“The Toughest Targets” Lack of production capability does not mean the US cannot add new capabilities, however. Strategic Command is interested in developing new ways—nuclear or conventional—to solve the long-vexing problem posed by an enemy’s hardened and deeply buried targets (HDBTs), principally command and control nodes.
Newton said this is a real “and growing” problem, one that is not likely to be solved by a single weapon.
HDBTs are “probably the toughest targets” for a variety of reasons, added Kehler. They are difficult to find and physically resistant to attack. Adversaries have studied US operations over the years and learned the American style of attack. They have come to regard the use of hardened and deeply buried centers as a way to defeat “what we strike [and] how we strike.”
Planners say it is unacceptable for potential enemies to have any category of targets that the US cannot hold at risk. The Administration, in turn, has been pushing for development of a so-called Robust Nuclear Earth Penetrator.
Kehler said Strategic Command supports creation of new earth-penetrating capabilities, whether they are nuclear or conventional, but the biggest “bang for the buck” in the future is likely to come in intelligence and weapon fusion, he said, not through acquisition of any single system.
Some recall that in 2004, the Defense Science Board called on the Air Force to develop a “contingency arsenal” of specialized conventional weapons for niche purposes. The DSB highlighted the success DOD had had developing very effective specialized warheads such as the thermobaric bomb (used in Afghanistan). Such special-purpose weapons could serve strategic purposes as well and would increase flexibility.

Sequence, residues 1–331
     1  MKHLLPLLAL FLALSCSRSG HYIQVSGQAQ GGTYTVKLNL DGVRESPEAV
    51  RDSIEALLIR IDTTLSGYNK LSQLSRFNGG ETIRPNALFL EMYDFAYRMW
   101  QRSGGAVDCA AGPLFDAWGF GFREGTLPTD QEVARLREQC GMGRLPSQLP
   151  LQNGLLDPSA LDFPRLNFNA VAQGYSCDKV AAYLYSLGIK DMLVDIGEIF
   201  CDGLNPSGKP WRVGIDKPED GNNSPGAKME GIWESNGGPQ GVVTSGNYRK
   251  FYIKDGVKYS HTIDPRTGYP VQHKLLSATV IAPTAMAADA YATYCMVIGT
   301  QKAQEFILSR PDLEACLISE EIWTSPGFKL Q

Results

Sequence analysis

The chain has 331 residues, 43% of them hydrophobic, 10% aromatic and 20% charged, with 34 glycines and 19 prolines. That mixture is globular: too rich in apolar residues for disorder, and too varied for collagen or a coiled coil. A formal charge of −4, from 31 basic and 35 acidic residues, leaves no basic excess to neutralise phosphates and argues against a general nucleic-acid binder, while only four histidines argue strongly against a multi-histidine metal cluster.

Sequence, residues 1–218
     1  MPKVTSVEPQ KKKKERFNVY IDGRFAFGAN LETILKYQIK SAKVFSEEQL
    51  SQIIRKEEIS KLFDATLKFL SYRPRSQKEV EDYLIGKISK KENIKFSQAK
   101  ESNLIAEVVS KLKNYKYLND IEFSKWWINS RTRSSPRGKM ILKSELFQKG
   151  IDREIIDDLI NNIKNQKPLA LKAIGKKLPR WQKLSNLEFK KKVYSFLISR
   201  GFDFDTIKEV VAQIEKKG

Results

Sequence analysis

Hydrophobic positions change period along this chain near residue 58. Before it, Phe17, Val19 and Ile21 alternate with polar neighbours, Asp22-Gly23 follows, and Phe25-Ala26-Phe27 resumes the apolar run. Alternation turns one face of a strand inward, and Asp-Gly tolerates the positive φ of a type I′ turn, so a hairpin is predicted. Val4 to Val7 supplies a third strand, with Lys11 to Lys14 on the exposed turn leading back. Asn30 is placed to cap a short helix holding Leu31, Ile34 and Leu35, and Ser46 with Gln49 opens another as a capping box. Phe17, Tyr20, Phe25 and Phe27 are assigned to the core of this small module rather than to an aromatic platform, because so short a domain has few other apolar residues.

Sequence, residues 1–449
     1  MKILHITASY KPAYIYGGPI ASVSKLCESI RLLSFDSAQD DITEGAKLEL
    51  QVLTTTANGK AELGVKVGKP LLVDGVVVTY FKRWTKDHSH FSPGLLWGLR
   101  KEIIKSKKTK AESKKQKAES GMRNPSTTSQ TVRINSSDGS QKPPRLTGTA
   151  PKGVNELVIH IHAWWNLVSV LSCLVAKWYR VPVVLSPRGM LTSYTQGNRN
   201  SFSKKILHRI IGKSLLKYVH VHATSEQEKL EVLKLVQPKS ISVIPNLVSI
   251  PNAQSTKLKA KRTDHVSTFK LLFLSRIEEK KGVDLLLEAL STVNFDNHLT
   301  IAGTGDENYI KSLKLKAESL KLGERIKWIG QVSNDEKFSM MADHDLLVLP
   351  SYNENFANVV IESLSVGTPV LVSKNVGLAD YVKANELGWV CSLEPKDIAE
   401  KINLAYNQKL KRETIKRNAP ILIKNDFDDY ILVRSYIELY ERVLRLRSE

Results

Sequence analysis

Strategic Command already has targeting flexibility. Its senior officials are loath to discuss any aspect of this part of STRATCOM’s business, but Newton allowed that nuclear planning reflects a wide range of options that are “more suited for today and tomorrow” than for the threats factored into the Cold War model, with its Single Integrated Operational Plan.
Another official noted that ICBM targets must be changed more frequently than was true in the past. This, he said, stemmed in part from greater US reliance on single-warhead ICBMs.
For the Air Force’s missileers, life hasn’t changed much, and it won’t for the foreseeable future. Two-man missile combat crews still sit in buried, blast-resistant capsules under the Great Plains, each team directly responsible for overseeing and controlling 10 missiles while providing support for 10 more.
As they work their 24-hour shifts, they are constantly prepared to turn their keys in unison but hope they never have to.
|In Arms Control, It’s START, START, START, and SORT
Peacekeeper deactivation, like the other nuclear reduction programs, came in the context of arms control agreements.
START I, signed in 1991 and ratified by the US and Russia, limited each nation to 6,000 total warheads. According to the Arms Control Association, a think tank in Washington, D.C., the US reached this target in December 2001.
START II negotiations lowered the warhead limit to some 3,500 weapons. The treaty was signed in 1993 but never entered into force because it was soon overtaken by events. The US should be at roughly 3,800 weapons in 2007.
START III, agreed to in principle in 1997, would cut each inventory to some 2,250 warheads. (This total mirrors that set in the Strategic Offensive Reductions Treaty—SORT—talks between President Bush and Russian President Vladimir Putin in 2002.)
SORT called for the US and Russia to have 1,700 to 2,200 operationally deployed warheads by the end of 2012. Warheads and delivery systems do not have to be destroyed, merely kept at distinct, separate locations.
Maj. Gen. (sel.) Richard Y. Newton III, director of plans and policy for US Strategic Command, said US forces will adhere to all applicable arms control agreements.
This fact is made easier by SORT’s more lenient counting rules, which do not force the United States to dismember or implode systems and display them for verification purposes.
The newly relaxed situation reflects a steep lessening of tensions between Washington and Moscow. In fact, said Newton, the coming reductions are “not a particular issue to me.”